<DID>#keys-<num>. The default situation is controlled by the document DID.
<DID>The value on the stage controller, a
<DID>a corresponding public key
publicKeyHexHexadecimal information of the public key. When the above controller is the default, this field is required.
publicKeywhich fields can be used for authentication.
publicKeywhich fields can be used for DID Document update operations, such as updating information such as pubkey or service.
publicKeywhich fields can be used for DID Document delete operation.
publicKeywhich fields can be used for DID Document recovery operations.
We propose a new DID method that allows special objects in ECHO network to be treated as valid DIDs.
The did:trustbloc DID method allows groups of independent entities to share custody of a DID registry consisting of a Sidetree implementation over a permissioned ledger. For more information on Sidetree, please refer to the Sidetree protocol specification.
Independent stakeholders wishing to transact with one another using DIDs can come together to form a consortium to manage their shared custody of a ledger.
This spec defines a discovery service. The discovery service provided by the TrustBloc DID Method allows a client to verify that a consortium is endorsed by its constituent stakeholders, verify that the configuration files of each stakeholder (which includes a list of Sidetree endpoints) are signed by the respective stakeholders, and use the provided Sidetree endpoints to perform Sidetree DID operations.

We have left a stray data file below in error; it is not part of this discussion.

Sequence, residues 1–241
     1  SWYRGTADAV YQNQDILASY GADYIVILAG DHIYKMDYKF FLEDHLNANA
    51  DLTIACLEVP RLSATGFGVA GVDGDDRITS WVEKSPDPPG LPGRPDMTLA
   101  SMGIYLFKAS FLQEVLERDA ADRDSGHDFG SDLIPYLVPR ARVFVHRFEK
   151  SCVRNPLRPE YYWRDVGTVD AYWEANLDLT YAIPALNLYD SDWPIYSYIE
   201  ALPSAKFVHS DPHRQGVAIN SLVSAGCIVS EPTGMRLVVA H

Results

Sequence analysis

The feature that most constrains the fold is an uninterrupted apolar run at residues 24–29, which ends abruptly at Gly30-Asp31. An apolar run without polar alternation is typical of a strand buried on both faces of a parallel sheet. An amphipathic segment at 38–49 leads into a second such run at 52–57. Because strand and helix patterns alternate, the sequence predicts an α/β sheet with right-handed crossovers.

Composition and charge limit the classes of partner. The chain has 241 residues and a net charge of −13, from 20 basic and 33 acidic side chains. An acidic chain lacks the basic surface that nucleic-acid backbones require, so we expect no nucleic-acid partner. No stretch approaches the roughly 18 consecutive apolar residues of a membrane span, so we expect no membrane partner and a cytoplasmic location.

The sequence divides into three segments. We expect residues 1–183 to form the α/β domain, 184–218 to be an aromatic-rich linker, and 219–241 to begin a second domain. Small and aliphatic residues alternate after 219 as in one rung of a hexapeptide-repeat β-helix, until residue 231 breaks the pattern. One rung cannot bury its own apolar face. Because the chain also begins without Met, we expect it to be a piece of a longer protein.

The system aims to provide secure authentication and various health services based on the SAN blockchain and DID & Verifiable Credential Specifications published by the W3C.
Gataca’s platform is based on a mobile identity portfolio, a set of APIs, and controllers for multiple blockchain networks.
Gataca is agnostic to the blockchain network. We adapt our infrastructure to the third party’s preferred ledger. Gataca currently supports the public network Ethereum and private networks based on Hyperledger Fabric, Hyperledger Besu or Quorum. Other networks may be added as requested.
This document provides the DID method specs for how our DID schema is implemented on the Ethereum network.
The simple structure links an object to a DID with states and public keys. Users do not need privileges to read the information on the blockchain but do need them to write. Gataca is the unique user that can modify the smart contract.
This proposal contains the interoperability specifications for products creating, reading (resolving) updating and deactivating Decentralized Identifiers on top of the Factom Protocol. This specification is not about other products wanting to use DIDs for their specific purpose, like signing or voting. This document describes the low level data structures and rules for DIDs, DID documents, resolution and registration on Factom itself.
DIDs are registered in the DID Registry on-chain, and have a controller and a subject, expressed in the form of Ethereum addresses. The DID controller may or may not be the subject itself. Multiple controllers can be implemented through proxy smart contracts.